Nestle has promised to rename its Red Skins and Chicos lollies saying the names are now “out of step” with the company’s values.
“This decision acknowledges the need to ensure that nothing we do marginalises* our friends, neighbours and colleagues,” the company said in a statement.
“These names have overtones* which are out of step with Nestle’s values, which are rooted in respect. While new names have not yet been finalised, we will move quickly to change these names.”
The packaging on Red Skins was changed a few years ago to a plain red and purple wrapper. It had previously featured a Native American man wearing a full headdress.
There have long been calls to ditch the names Red Skins and Chicos — which critics say are derogatory* and racially insensitive to Native Americans and Latin Americans.
There continues to be backlash* against the Washington Redskins, a National Football League team in the US, over its name.
The ongoing Black Lives Matter protests across the world have triggered action against racially offensive statues, names, entertainment and food.
There are calls to rename Coon cheese after Australian comedian Josh Thomas brought attention to the debate last week.
Saputo Dairy Australia, which sells the cheese, said Coon was named in recognition of “the work of an American, Edward William Coon, who patented* a unique ripening process that was used to manufacture the original Coon cheese”.
Indigenous academic, writer and activist Dr Stephen Hagan has led the charge to get rid of the name Coon, which has been used as a derogatory term for Indigenous people.
There have also been calls for Colonial Brewing Company, an Australian beer brand, to be renamed.
Netflix also recently removed four of Chris Lilley’s comedy series from the streaming platform.
The award-winning Australian comedian portrayed several racially diverse characters in his series We Can Be Heroes, Summer Heights High, Angry Boys and Jonah From Tonga.
Little Britain, a British comedy show that had blackface, was also removed from a number of streaming services.
Allen’s Lollies, which is owned by Nestle and sells Red Skins and Chicos in Australia, issued a similar statement on renaming the lollies.
“At Allen’s we are about creating smiles. Today we announced that we will change the name of Red Skins and Chicos lollies,” the company said.
“This decision acknowledges* the need to keep creating smiles, ensuring that nothing we do marginalises our friends, neighbours and colleagues, or is out of step with our values.
“We haven’t finalised the new names, but we’ll keep you posted. We appreciate the comments we have received on the need for change.”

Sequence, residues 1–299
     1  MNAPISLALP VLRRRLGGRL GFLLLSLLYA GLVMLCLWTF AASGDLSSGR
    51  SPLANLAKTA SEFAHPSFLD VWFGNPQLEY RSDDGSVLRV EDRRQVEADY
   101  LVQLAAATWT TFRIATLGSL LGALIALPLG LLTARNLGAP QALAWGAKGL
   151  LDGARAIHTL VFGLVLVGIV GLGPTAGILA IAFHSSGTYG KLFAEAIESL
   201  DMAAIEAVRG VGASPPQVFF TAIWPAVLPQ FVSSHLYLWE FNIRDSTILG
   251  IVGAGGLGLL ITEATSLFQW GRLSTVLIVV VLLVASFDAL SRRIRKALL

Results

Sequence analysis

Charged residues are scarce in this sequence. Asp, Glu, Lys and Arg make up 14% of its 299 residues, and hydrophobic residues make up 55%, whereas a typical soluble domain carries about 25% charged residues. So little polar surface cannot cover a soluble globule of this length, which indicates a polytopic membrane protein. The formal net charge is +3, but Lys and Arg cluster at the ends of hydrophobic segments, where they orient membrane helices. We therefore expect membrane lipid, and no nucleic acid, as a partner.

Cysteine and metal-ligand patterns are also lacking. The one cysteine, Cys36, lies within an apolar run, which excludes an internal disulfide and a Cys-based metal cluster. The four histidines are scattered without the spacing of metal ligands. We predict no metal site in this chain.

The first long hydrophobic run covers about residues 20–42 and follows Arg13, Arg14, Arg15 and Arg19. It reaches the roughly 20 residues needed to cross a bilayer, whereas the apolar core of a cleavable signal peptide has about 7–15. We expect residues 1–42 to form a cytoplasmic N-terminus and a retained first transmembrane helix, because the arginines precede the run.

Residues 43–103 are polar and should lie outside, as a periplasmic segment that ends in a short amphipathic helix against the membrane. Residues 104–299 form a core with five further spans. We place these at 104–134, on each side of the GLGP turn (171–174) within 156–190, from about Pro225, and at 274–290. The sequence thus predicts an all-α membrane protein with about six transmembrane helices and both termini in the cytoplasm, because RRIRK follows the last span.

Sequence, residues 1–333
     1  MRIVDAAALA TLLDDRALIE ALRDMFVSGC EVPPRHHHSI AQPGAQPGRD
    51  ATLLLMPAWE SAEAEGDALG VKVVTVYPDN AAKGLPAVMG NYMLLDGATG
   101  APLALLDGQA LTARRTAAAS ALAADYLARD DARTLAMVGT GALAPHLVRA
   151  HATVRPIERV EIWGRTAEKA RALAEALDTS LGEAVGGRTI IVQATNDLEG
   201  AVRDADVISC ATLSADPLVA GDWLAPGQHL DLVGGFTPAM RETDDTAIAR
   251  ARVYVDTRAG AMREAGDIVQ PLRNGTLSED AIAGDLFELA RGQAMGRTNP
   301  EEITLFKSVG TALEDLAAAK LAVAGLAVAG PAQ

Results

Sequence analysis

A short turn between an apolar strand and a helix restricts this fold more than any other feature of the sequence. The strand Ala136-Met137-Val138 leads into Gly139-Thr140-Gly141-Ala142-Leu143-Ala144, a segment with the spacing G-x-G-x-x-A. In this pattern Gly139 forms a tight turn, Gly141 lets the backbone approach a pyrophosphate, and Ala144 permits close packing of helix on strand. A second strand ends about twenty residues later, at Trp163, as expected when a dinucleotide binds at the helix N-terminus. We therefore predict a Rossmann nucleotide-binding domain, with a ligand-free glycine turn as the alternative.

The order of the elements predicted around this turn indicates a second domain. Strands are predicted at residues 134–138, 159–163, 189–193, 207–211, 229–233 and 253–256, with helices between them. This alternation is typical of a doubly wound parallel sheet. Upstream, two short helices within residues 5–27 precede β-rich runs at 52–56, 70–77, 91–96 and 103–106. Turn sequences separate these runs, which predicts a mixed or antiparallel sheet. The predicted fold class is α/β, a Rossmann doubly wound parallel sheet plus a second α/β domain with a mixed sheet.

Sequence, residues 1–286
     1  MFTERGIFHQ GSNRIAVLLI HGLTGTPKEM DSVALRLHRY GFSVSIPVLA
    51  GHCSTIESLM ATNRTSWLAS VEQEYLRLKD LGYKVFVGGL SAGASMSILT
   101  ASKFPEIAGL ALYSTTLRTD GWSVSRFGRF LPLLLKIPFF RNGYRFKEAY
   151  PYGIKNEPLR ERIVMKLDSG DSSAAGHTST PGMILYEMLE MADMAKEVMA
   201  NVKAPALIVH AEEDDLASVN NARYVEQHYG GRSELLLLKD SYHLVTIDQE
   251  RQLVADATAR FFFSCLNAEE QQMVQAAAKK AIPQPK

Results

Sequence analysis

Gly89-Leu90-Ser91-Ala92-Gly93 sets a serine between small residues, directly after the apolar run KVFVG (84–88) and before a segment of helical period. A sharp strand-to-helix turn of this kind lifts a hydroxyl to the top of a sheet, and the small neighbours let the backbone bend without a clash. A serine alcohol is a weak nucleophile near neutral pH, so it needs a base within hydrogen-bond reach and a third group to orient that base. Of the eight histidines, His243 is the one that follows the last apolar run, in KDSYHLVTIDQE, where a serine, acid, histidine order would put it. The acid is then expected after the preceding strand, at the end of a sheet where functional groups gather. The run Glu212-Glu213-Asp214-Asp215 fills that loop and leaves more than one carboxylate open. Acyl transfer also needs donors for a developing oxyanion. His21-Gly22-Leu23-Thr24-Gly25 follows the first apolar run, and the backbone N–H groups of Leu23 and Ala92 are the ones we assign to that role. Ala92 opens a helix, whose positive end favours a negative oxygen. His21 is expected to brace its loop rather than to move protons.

- marginalises: treat a group of people as less important
- overtones: a subtle meaning
- derogatory: showing a disrespectful attitude
- backlash: strong negative reaction by a group of people
- patented: legally owns the idea
- acknowledges: accepts or admits that something exists or is true
- What does Nestle say its values are rooted in?
- Which US NFL team is mentioned and why?
- Who was Edward Coon?
- Why are some TV shows being removed from Netflix?
- What company owns Allen’s lollies?
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1. Suggest a New Name
Allen’s and Nestle (the company that owns Allen’s) have promised to change the name of two of their lollies as the current names are offensive to people in our community. However, they have not finalised new names for these products. Can you help Nestle to come up with a new name for each of these lollies?
The current packaging describes one of them as ‘intensely raspberry’ flavoured and ‘super chewy’ and the other as ‘chewy, chocolate flavoured jelly babies’.
Use these descriptions to help you come up with an appropriate name that is not offensive.
When you have come up with a new name for each, chose one of the products and design a new package for the lolly featuring its new name. Keep in mind that Allen’s lollies have a standard red package as the back ground. (You might like to look at some current packets of Allen’s lollies for ideas).
Time: allow 45 minutes to complete this activity
Curriculum Links: English, Critical and Creative thinking, Intercultural Understanding, Ethical Understanding, Personal and Social Capability, The Arts – Visual Arts
Option One: Write a letter to Allen’s or Nestle congratulating them on their decision to change these offensive names on their products. In your letter include your suggestion for a new name and a description of your package design. Suggest why this new name is more appropriate for the lolly and why you think the new package will help them sell more lollies.
Option Two: Write a letter to Saputo Dairy Australia, who owns the brand of cheese mentioned in the article, expressing your opinion on whether they should consider changing the name of their cheese. In your letter, consider why the cheese was named as it was and perhaps offer another suggestion for a name that acknowledges its history and does not offend Indigenous Australians.
Time: allow 30 minutes to complete this activity
Curriculum Links: English, Critical and Creative thinking, Intercultural Understanding, Ethical Understanding, Personal and Social Capability
Proper Noun Police
A proper noun is a noun that names a particular person, place or thing. It always has a capital letter.
How many proper nouns can you find within this article? Find them all and sort them into the category of name, place, time (date/month).
Can you find any proper nouns included in your writing?
What are they?
Can you sort them into their categories?
HAVE YOUR SAY: Suggest new names for Red Skins and Chicos
No one-word answers. Use full sentences to explain your thinking. No comments will be published until approved by editors.